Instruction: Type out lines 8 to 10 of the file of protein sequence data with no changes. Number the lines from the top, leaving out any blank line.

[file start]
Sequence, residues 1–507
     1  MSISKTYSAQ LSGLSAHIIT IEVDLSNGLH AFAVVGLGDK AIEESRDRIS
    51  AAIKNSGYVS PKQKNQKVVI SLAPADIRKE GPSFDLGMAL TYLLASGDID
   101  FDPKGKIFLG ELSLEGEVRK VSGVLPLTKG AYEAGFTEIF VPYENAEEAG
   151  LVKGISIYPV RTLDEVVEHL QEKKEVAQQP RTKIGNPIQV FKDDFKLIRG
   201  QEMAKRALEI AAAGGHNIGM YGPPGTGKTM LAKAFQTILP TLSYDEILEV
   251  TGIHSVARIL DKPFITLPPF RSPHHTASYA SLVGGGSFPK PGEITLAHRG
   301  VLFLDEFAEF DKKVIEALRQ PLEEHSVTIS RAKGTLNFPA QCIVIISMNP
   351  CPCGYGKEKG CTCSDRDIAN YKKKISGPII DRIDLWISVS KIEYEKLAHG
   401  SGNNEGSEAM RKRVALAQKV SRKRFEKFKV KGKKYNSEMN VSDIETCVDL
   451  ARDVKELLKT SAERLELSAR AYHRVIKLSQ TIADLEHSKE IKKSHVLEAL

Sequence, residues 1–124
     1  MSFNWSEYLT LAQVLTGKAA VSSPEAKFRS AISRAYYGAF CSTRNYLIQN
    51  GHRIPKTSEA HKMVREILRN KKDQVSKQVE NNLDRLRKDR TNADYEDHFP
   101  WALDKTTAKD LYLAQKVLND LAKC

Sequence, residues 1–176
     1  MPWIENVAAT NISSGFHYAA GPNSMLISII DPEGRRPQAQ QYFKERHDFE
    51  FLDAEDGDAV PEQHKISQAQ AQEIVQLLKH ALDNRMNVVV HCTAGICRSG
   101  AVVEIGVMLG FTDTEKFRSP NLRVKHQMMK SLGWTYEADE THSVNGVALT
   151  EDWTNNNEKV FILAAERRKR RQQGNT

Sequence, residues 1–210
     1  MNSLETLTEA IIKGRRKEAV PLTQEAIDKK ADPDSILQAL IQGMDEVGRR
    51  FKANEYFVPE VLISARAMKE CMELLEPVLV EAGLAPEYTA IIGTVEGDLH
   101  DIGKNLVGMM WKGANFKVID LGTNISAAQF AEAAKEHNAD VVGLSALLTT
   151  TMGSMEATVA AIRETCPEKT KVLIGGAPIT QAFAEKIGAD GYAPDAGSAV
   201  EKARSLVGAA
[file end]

   301  VLFLDEFAEF DKKVIEALRQ PLEEHSVTIS RAKGTLNFPA QCIVIISMNP
   351  CPCGYGKEKG CTCSDRDIAN YKKKISGPII DRIDLWISVS KIEYEKLAHG
   401  SGNNEGSEAM RKRVALAQKV SRKRFEKFKV KGKKYNSEMN VSDIETCVDL